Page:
Former Coach House To Rear Of 8 Edgar Buildings, St Andrew’s Terrace, City Centre, Bath
8 Edgar Mews is a former Coach House, loosely attributed to the late 18th – early 19th century, although refaced in the 20th century. It is situated within the Bath conservation area and World Heritage Site and consists of a twin-gabled frontage in Bath stone ashlar as part of a wider terrace of backland mews of a matching scale and profile, although the furthest section of mews to the west has been subject to more invasive alteration. As existing, the mews is of a light industrial character predominantly used as garages or for storage, in keeping with their historically utilitarian use in conjunction with the grander Grade II terraced townhouses at Edgar Buildings. Due to its shared historic and evidential relationship with the Grade II 8 Edgar Buildings and the retention of their closely interconnected setting and ownership, 8 Edgar Mews is considered to be curtilage Grade II listed.
BPT acknowledges the positive opportunity to bring a disused building back into sustainable, long-term use to provide much-needed accommodation within the city centre. Due to the lack of surviving historic fabric within the building envelope, the internal refurbishment of the building would constitute less than substantial harm outweighed by the benefits of the active reuse of the building and associated programme of ongoing maintenance and repair.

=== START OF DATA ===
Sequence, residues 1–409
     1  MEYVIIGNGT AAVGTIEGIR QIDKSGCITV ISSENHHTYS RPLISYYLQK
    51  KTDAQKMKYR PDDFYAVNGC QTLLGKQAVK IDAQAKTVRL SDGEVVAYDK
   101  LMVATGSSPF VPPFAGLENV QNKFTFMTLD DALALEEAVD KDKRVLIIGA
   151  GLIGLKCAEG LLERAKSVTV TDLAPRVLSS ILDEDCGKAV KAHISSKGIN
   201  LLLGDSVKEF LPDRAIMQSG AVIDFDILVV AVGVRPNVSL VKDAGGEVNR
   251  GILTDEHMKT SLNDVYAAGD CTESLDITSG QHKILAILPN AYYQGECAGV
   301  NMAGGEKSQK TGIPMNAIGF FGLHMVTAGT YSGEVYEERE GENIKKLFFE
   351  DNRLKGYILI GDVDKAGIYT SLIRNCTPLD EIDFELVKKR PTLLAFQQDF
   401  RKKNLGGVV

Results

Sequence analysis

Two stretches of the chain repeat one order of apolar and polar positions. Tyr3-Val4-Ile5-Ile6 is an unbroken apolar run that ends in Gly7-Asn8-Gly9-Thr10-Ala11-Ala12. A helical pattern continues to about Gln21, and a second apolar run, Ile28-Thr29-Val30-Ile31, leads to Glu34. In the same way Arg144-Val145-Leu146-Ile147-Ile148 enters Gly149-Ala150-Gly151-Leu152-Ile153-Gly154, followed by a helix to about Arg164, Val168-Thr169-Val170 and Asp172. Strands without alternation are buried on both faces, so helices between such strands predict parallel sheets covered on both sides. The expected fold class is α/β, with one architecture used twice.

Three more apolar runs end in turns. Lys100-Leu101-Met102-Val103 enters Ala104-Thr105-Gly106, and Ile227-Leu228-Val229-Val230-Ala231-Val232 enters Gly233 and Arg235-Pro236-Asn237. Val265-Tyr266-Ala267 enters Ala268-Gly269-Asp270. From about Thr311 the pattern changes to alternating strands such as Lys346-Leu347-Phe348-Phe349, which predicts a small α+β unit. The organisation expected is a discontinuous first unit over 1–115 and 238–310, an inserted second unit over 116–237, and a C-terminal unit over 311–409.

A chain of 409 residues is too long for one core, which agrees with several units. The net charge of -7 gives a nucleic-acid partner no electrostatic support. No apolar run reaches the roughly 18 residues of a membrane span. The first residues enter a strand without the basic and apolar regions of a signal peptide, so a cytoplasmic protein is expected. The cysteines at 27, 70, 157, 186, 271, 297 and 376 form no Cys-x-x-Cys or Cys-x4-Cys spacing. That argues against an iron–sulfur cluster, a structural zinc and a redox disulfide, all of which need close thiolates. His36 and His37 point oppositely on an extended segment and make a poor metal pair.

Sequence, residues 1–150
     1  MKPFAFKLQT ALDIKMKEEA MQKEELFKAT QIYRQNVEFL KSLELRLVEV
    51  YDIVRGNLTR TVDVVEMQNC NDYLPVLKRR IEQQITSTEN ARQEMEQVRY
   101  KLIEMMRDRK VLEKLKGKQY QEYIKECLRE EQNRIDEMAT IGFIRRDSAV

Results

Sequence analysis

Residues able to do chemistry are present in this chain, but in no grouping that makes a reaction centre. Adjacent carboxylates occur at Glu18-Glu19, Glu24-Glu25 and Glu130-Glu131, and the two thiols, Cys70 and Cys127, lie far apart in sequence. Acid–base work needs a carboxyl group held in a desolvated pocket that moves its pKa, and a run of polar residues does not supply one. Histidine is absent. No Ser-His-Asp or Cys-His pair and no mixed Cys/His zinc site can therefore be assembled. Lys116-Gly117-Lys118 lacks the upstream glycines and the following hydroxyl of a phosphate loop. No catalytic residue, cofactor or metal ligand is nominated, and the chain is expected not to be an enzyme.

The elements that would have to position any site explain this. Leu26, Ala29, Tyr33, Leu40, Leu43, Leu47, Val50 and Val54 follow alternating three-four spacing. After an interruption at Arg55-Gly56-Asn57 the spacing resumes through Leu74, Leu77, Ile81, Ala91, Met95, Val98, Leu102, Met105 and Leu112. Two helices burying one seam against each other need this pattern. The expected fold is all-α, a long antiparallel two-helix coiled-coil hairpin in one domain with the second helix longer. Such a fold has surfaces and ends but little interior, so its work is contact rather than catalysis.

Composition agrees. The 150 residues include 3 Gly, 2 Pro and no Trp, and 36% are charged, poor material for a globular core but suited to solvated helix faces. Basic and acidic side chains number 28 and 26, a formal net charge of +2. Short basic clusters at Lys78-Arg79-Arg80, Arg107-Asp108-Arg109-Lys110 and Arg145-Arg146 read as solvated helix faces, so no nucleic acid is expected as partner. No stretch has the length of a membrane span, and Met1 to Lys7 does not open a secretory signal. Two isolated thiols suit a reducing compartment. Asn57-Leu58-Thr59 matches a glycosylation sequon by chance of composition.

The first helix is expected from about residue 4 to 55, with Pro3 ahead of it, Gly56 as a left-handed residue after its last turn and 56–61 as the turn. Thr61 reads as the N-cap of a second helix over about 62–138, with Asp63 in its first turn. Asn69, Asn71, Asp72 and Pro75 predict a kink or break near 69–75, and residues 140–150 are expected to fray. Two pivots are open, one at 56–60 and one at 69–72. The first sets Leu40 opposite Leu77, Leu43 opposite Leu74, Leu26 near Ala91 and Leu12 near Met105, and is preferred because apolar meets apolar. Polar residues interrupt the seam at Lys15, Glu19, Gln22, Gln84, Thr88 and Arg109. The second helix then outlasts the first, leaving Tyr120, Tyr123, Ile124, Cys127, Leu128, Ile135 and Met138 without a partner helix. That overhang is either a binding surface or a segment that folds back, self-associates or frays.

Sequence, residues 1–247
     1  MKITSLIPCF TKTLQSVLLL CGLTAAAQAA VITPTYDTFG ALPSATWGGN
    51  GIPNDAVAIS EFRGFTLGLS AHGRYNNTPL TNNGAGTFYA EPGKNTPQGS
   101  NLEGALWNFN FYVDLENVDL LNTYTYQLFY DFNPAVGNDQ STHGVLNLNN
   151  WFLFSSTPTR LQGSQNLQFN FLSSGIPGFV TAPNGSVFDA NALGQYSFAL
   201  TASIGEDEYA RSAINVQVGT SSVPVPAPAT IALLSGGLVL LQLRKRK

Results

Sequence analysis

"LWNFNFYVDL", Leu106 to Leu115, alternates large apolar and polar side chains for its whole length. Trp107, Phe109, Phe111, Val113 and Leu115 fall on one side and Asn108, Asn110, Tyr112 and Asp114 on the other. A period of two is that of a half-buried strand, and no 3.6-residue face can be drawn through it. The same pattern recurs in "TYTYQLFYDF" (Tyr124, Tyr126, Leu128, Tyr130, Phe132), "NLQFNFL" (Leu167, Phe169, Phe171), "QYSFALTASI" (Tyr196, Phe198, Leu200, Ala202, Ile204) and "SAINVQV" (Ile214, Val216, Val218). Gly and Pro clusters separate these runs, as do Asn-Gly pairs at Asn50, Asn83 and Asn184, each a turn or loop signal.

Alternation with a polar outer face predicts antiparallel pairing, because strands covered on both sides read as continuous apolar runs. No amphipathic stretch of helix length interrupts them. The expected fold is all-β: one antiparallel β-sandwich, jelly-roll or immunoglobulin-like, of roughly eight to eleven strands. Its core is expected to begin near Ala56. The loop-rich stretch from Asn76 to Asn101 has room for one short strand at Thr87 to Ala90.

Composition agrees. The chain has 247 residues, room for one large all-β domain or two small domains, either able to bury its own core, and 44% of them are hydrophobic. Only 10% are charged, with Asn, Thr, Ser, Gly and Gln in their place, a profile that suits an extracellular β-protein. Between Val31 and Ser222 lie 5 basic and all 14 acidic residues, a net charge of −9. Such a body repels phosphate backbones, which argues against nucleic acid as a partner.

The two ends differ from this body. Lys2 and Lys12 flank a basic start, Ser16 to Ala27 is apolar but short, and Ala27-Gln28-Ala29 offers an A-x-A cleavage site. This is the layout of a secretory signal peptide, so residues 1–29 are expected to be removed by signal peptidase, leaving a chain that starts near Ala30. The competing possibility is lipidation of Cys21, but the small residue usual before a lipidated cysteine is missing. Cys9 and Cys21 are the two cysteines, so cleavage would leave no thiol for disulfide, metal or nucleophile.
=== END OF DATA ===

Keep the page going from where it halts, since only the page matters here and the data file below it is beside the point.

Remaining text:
We are supportive of the more traditional treatment to the principal, publicly visible elevations to sustain the shared appearance and group value of the mews terrace, and the wider conservation area.
In light of the Climate Emergency, we welcome the proposal to retrofit of the existing casement windows in the north elevation with timber-framed double glazing in an equivalent style that matches the fenestration pattern along the mews. However, considering its curtilage Grade II status and its sensitive historic position within the conservation area and World Heritage Site, we seek to clarify whether standard double glazing, or a ‘slim’ profile double glazing is proposed, have a strong preference for the latter due to its reduced visual impact and compatibility with glazing bars of a slimmer profile. We strongly recommend that appropriate sections and details of the proposed windows are provided as part of this application.
We have some concerns regarding the interaction between the proposed rear extension and the rubble stone boundary wall shared with 7 Edgar Buildings. The extension as proposed in the visual montages would closely abut the boundary wall with no clearance for future access or maintenance. Considering the precedent this application would set for future rear extensions of a similar scale, it is possible that this wall would be entirely enclosed in future should 7 Edgar Mews be extended in a similar fashion. We therefore recommend that further details are provided regarding the current condition of the wall and plans for its ongoing maintenance and repair to ensure that this is retained as part of the curtilage setting of a Grade II building. Additional structural loading on this wall may lead to its deterioration or loss would not be considered appropriate.
Furthermore, we would also welcome clarification of further details relating to the bisection of the garden between 8 Edgar Mews and 8 Edgar Buildings, to assess how their interconnected historic relationship and shared setting would be affected by proposals.